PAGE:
Montserrat Fuentes

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Constructing maps of dry deposition pollution levels is vital for air quality management, and presents statistical problems typical of many environmental and spatial applications. Ideally, such maps would be based on a dense network of monitoring stations, but this does not exist. Instead, there are two main sources of information for dry deposition levels(More)
Likelihood approaches for large irregularly spaced spatial datasets are often very difficult, if not infeasible, to implement due to computational limitations. Even when we can assume normality, exact calculations of the likelihood for a Gaussian spatial process observed at n locations requires O(n(3)) operations. We present a version of Whittle's(More)
There is a growing interest in quantifying the health impacts of climate change. This paper examines the risks of future ozone levels on non-accidental mortality across 19 urban communities in Southeastern United States. We present a modeling framework that integrates data from climate model outputs, historical meteorology and ozone observations, and a(More)
Tropospheric ozone is one of the six criteria pollutants regulated by the United States Environmental Protection Agency under the Clean Air Act and has been linked with several adverse health effects, including mortality. Due to the strong dependence on weather conditions, ozone may be sensitive to climate change and there is great interest in studying the(More)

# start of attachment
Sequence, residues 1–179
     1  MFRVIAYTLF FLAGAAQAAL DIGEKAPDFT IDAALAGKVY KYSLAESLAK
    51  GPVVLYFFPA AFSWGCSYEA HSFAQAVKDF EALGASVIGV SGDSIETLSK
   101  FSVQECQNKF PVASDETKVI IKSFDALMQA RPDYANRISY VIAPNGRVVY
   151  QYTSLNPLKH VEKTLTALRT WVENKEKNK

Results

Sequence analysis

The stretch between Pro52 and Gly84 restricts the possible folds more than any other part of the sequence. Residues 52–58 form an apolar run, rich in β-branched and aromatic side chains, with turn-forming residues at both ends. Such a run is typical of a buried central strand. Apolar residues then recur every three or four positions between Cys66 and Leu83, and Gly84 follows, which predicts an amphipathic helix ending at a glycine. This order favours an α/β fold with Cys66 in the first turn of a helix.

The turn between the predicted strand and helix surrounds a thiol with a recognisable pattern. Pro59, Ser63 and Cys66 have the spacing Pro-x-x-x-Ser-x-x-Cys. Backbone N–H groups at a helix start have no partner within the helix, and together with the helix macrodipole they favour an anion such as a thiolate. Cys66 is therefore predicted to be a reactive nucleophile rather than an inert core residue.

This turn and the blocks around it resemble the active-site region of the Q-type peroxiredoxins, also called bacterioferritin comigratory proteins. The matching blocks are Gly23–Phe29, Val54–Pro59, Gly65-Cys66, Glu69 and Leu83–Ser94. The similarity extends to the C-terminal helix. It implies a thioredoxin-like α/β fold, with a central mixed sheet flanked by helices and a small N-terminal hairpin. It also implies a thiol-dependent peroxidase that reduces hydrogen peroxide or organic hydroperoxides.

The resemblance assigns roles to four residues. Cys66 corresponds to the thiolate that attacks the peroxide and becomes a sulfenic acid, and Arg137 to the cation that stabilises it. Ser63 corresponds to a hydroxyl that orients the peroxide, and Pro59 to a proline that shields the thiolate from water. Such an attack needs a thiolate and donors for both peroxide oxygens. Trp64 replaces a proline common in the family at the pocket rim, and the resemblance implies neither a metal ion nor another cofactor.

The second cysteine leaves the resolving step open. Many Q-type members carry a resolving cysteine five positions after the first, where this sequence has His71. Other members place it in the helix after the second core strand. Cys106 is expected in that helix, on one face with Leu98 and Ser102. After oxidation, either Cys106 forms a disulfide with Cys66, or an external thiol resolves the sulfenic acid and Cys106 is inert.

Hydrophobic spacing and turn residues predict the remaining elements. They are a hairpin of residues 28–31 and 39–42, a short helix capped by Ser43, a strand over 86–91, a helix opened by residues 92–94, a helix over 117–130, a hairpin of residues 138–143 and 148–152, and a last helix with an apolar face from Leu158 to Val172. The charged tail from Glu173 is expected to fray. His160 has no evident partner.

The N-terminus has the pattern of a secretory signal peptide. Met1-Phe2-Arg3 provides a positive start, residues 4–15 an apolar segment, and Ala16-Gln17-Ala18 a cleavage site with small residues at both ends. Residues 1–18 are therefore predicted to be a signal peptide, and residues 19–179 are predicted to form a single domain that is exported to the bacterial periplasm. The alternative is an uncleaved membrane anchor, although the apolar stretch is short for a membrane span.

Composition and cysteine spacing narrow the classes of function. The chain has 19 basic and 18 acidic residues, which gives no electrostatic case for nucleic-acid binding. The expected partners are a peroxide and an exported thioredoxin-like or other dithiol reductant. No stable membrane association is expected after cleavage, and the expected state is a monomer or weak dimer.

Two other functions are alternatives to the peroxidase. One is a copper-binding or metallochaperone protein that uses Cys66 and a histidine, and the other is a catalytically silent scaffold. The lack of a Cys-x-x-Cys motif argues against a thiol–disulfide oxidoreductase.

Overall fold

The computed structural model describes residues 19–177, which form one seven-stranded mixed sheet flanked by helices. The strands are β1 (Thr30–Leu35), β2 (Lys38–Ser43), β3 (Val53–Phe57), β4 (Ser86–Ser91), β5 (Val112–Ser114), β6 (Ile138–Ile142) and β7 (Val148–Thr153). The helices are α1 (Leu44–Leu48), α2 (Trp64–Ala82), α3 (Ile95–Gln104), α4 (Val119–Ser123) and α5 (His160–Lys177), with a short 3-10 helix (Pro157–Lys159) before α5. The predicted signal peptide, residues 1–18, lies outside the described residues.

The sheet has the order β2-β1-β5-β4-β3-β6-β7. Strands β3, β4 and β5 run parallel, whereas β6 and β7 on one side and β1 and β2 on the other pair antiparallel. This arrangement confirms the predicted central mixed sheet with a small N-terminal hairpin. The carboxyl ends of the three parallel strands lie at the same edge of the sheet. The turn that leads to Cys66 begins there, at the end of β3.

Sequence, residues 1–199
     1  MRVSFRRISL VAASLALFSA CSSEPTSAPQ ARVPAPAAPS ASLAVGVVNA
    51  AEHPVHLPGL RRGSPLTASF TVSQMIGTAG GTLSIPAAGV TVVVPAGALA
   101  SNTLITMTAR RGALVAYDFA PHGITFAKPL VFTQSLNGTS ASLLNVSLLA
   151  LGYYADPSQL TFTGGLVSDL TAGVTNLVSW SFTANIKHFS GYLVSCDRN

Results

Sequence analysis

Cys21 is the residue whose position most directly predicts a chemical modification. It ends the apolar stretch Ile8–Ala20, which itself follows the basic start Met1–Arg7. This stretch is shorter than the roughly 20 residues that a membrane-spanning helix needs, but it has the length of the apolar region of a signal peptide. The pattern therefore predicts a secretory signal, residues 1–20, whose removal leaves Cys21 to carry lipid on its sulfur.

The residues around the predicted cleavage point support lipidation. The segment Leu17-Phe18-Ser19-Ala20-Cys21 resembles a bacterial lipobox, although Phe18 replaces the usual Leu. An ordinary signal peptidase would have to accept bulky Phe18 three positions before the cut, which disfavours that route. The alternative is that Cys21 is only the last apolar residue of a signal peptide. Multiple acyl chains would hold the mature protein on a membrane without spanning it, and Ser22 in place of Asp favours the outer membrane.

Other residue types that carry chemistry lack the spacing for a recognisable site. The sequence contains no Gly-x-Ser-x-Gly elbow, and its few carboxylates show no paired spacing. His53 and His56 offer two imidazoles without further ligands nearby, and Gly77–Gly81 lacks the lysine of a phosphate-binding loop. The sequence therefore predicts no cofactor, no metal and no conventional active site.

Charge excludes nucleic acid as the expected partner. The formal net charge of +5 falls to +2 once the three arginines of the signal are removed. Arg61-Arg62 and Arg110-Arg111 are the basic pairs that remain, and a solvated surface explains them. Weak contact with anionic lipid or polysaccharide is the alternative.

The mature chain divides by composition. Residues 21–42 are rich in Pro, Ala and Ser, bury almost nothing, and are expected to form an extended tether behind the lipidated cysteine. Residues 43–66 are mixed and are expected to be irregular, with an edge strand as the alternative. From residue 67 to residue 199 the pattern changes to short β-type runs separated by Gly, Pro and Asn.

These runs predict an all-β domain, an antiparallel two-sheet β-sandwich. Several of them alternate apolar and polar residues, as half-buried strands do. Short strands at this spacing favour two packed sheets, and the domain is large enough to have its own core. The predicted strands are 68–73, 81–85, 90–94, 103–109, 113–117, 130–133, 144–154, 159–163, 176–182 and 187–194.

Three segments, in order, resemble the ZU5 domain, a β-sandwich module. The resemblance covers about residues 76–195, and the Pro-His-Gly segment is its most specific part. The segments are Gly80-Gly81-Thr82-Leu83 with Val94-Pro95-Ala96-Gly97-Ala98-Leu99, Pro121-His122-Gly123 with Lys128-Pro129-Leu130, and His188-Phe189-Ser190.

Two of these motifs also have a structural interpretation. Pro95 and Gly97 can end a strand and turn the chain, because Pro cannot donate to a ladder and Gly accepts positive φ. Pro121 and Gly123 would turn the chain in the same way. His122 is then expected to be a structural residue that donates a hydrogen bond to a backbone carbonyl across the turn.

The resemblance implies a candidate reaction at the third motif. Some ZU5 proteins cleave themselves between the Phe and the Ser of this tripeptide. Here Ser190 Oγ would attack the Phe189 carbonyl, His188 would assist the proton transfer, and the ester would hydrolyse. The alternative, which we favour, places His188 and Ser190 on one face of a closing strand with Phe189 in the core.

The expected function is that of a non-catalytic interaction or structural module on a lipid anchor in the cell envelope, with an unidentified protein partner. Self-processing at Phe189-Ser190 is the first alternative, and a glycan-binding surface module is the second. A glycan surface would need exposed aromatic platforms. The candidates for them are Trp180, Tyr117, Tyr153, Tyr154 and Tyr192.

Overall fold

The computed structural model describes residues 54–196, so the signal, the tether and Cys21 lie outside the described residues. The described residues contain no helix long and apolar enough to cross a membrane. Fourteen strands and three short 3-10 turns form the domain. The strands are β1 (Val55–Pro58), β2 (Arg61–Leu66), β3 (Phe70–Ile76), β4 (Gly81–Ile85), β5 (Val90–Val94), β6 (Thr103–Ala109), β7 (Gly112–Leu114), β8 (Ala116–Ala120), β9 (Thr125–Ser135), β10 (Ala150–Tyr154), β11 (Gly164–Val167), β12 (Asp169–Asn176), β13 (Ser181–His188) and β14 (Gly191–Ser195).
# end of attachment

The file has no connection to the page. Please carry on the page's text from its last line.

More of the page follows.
Particulate matter (PM) has been associated with mortality in several epidemiological studies. The US EPA currently regulates PM(10) and PM(2.5) (mass concentration of particles with diameter less than 10 microm and 2.5 microm, respectively), but it is not clear which size of particles are most responsible for adverse heath outcomes. A current hypothesis is(More)
In this work we discuss the uncertainty in estimating the human health risk due to exposure to air pollution, including personal and population average exposure error, epidemiological designs and methods of analysis. Different epidemiological models may lead to very different conclusions for the same set of data. Thus, evaluation of the assumptions made and(More)
BACKGROUND Epidemiologic literature suggests that exposure to air pollutants is associated with fetal development. OBJECTIVES We investigated maternal exposures to air pollutants during weeks 2-8 of pregnancy and their associations with congenital heart defects. METHODS Mothers from the National Birth Defects Prevention Study, a nine-state case-control(More)